OECD is the NATO of the global economy

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Currently, NATO is one of the most important international organizations in the world. As a political and military alliance, it brings together 30 countries from Europe and North America to consult and cooperate on security and defense issues. NATO creates a unique bond between the two continents at political and security levels and can be called a strategic and tactical task force.

We are in a period when the two “black swans” – a term defined as an event or a process that causes irreversible and radical changes in the world economy and politics – of the coronavirus pandemic and the Russia-Ukraine war are directly affecting world dynamics. Besides, there are other global issues to tackle such as climate change, the environment and carbon emissions, digitalization and cybersecurity, food security and the future of agriculture, energy security and transformation and global supply chain and logistics. All necessitate a strategic and tactical task force, just like NATO, for the global economy to curb threats and destruction.

To be precise, we need a NATO of the economy. Without a doubt, no one but the Organisation for Economic Co-operation and Development (OECD) can create solutions for economic deadlocks. The OECD, as a continuation of the Marshall Plan, was established in 1961 not only as a “think-tank” for new global success stories and initiatives but also as a “do-tank” with its support to its member countries and stakeholders with statistical data and policy recommendations by which it guides global and sectoral standards and explains their rationale. Today, in the face of regional and global tensions represented by the two black swans, the OECD is now transforming into an effective strategic and tactical task force – let’s call it a “force-tank” – for the world economy and global trade.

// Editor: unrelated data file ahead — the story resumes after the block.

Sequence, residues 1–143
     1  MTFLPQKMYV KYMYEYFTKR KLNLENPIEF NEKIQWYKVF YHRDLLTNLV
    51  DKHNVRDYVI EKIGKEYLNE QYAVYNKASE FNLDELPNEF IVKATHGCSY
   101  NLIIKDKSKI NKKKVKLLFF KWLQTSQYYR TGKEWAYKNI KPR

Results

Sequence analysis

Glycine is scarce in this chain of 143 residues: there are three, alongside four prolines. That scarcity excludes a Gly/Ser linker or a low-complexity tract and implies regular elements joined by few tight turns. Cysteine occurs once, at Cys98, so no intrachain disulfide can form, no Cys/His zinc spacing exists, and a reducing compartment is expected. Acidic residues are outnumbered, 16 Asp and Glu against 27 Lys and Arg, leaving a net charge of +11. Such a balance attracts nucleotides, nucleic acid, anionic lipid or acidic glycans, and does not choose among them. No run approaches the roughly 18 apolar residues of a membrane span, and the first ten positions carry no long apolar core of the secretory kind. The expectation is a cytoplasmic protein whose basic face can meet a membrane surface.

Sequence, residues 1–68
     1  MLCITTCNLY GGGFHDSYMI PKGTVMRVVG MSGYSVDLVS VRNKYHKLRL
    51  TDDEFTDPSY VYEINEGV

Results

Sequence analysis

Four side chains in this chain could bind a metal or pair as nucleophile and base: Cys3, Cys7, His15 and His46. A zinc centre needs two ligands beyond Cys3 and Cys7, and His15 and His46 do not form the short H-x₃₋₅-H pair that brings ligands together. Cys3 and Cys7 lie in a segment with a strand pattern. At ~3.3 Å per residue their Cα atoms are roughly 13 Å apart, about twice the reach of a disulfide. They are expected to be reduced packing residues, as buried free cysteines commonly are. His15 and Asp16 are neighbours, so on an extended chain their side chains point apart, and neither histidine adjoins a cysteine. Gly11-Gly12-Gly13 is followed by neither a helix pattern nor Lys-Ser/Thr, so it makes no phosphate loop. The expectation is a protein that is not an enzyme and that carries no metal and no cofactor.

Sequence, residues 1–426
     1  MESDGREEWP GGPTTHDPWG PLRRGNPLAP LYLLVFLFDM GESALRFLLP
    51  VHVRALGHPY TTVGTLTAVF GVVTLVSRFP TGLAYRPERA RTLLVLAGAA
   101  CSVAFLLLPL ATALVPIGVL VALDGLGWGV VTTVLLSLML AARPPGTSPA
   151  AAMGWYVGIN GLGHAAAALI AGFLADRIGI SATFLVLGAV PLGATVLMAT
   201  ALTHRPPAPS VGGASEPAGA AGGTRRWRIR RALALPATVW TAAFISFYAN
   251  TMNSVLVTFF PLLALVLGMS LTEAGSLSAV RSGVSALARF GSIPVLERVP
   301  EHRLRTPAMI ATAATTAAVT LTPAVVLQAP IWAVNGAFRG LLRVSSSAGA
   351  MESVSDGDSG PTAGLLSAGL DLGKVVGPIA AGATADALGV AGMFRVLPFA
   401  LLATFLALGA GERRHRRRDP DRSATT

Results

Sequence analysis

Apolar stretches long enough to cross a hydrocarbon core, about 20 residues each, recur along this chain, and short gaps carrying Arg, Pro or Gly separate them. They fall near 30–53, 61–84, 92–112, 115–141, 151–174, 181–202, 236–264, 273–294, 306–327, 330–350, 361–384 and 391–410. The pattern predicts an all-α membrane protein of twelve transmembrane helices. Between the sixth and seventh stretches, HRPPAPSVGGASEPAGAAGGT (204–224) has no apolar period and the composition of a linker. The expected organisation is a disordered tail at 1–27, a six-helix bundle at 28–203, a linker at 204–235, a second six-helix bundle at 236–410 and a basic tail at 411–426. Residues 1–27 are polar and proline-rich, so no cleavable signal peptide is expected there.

An action for mobilization

OECD is obviously the NATO of the economy, as it produces strategy and tactics for 38 member countries, taking action in all economic areas, from energy security to food security, from logistics and transportation security to the future of the global climate and the earth. With this aspect, the OECD is working day and night to bring together Europe, North America, Latin America, the Middle East, Africa and Asia-Pacific in a more inclusive world economy platform for the future of the world and humanity. The 38 member countries, including Turkey as a founding member, are cooperating intensively to create, protect and develop a global economic system focused on democracy, human rights, the market economy and fair trade rules.

The global economic system will go through the toughest challenges in its history in the fields of climate, carbon emissions, cybersecurity, the global financial system and global debt problem, energy and food security, fair trade rules and stability in global commodity prices. The OECD will be spending several intense years proposing solutions, policies, strategies and tactics for all these challenges. The international organization’s 60th anniversary new vision statement and global strategy road map point to important clues in this sense. For the future of the global economic system, do not forget to follow the OECD closely.


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